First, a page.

I know a woman who often hesitated to make a commitment to give a talk, because as soon as she agreed, she started to lie awake at night, first worrying about what she would talk about and then worrying about how her topic would go over with the audience. It didn’t matter how well she knew her subject or that she had given the talk several times previously, she always experienced a considerable amount of reachback. The more advanced notice she had, the more reachback she experienced. Finally she made the decision that she would only accept talks that were a month away. Anything further away caused her to experience too much reachback.

After an event has passed, most people assimilate the event or forget it after a week or two. If, however, a person continues to be troubled by something two or three weeks after it happens, afterburn is occurring.

If someone at the barbecue says something that hurts your feelings and you can’t stop thinking about it, you are experiencing afterburn. If one of your guests trips and breaks a leg, you’ll experience considerable afterburn. You’ll have to visit her in the hospital and talk to your insurance agent. And if your guest decides to sue you, the barbecue will be giving you afterburn a long time.

Certain events in life cause almost simultaneous reachback and afterburn.

If the doctor tells Paul that he has to have bypass surgery, Paul will experience reachback as he thinks about the upcoming operation. He also will experience afterburn as he thinks about what the doctor said in the office.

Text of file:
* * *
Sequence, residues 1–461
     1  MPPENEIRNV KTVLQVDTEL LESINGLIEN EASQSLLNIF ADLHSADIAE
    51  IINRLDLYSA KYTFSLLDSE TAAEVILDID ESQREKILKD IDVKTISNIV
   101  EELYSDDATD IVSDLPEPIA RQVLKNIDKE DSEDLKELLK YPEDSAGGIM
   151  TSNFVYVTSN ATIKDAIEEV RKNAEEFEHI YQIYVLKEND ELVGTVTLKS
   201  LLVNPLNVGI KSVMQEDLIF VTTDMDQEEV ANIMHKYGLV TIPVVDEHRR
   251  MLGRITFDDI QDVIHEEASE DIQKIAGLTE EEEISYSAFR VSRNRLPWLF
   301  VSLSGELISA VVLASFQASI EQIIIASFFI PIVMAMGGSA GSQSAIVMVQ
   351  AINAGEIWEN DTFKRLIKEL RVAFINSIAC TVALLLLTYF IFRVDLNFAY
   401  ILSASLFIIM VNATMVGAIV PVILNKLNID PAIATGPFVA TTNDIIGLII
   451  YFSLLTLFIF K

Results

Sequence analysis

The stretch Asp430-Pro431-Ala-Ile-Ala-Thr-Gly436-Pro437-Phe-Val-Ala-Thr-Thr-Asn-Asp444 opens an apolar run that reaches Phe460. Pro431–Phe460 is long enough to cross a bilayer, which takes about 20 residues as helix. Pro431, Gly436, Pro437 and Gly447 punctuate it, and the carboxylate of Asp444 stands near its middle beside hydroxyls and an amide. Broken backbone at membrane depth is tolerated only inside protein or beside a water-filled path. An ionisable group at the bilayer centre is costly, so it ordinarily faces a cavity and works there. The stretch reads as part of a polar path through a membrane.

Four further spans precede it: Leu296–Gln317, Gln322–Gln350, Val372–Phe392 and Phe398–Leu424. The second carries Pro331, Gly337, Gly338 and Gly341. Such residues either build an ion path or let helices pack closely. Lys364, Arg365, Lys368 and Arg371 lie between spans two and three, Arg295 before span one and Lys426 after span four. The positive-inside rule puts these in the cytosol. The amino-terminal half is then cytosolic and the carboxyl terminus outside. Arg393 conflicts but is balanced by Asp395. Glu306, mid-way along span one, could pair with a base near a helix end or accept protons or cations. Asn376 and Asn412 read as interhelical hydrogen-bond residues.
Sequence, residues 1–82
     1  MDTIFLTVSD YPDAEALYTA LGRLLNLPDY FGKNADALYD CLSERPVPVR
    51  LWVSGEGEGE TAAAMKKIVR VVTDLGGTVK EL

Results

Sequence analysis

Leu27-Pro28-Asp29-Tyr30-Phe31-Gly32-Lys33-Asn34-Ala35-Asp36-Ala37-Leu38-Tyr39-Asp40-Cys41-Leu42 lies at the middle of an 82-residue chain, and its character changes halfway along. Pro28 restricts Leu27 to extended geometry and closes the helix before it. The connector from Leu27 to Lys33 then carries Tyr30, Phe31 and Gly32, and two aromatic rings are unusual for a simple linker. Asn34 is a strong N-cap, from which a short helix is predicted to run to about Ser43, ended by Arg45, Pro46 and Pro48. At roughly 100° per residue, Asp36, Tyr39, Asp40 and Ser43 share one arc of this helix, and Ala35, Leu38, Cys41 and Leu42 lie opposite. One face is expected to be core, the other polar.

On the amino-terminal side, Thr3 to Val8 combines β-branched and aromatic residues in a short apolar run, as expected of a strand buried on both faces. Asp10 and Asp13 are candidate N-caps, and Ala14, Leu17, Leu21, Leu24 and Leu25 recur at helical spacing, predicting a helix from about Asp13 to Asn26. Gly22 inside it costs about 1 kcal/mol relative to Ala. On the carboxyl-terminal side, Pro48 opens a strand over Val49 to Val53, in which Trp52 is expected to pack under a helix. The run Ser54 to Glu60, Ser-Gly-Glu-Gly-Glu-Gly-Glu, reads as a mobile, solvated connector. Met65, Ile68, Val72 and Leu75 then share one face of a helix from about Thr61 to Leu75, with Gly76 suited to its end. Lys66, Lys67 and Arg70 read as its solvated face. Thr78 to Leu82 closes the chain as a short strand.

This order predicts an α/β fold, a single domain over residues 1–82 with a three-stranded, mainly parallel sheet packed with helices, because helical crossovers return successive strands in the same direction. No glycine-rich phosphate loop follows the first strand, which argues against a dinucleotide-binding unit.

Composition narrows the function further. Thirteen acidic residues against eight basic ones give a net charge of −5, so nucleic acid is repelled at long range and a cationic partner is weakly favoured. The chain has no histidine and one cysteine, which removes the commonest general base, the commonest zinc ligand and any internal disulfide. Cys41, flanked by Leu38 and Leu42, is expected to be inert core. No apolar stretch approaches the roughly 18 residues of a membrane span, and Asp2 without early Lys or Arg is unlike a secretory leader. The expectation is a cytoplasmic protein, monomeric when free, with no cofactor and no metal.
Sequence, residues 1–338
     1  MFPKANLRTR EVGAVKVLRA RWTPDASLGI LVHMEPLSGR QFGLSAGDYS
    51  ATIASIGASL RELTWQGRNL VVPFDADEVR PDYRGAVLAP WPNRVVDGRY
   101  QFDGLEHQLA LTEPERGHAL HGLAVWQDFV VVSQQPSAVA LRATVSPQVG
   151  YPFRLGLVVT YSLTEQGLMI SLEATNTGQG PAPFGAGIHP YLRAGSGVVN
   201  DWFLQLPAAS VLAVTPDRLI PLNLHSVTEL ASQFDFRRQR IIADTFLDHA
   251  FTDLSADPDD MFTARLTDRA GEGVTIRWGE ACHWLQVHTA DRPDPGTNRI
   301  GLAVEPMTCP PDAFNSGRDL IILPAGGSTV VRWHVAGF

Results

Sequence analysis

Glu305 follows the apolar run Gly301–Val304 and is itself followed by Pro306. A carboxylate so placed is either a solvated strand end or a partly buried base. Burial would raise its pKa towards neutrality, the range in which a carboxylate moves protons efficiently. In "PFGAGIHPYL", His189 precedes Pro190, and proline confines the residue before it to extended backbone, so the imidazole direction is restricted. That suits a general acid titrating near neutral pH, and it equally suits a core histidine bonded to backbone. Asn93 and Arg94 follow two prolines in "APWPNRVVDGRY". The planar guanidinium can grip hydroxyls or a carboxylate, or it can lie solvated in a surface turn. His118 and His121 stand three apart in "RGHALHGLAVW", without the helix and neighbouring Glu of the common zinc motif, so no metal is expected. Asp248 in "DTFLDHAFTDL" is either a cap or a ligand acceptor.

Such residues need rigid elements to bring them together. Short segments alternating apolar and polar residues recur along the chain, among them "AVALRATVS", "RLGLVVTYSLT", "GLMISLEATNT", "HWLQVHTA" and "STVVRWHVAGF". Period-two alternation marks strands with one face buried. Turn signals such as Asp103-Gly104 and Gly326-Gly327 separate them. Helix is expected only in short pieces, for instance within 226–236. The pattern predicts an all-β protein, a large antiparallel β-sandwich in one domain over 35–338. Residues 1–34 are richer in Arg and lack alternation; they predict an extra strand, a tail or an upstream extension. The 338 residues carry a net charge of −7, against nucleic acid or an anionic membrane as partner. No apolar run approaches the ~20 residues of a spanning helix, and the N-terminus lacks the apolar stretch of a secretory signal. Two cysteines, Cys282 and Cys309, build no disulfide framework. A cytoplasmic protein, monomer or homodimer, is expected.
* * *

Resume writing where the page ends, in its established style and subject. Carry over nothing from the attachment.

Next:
Loss of a job, a financial reversal, or a poor job evaluation all cause an overlap of afterburn and reachback as a person gets caught thinking about what has just happened to him and what will happen in the future.

When someone experiences too much reachback and afterburn, or worse yet, if he finds himself caught in a kind of cross fire between the two, he will feel tense and apprehensive, and experience some difficulty in his everyday life. The overall feeling is that of being overworked.

It is important, then, not to schedule one event after another, as you need some time to deal with the unexpected, and you also need time to assimilate the incident. Also, it is advisable to get eight hours of sleep when experiencing reachback and afterburn, because dreaming is the natural mechanism for assimilation.

There will always be some reachback and afterburn in your life. It goes with living. The goal is to control it.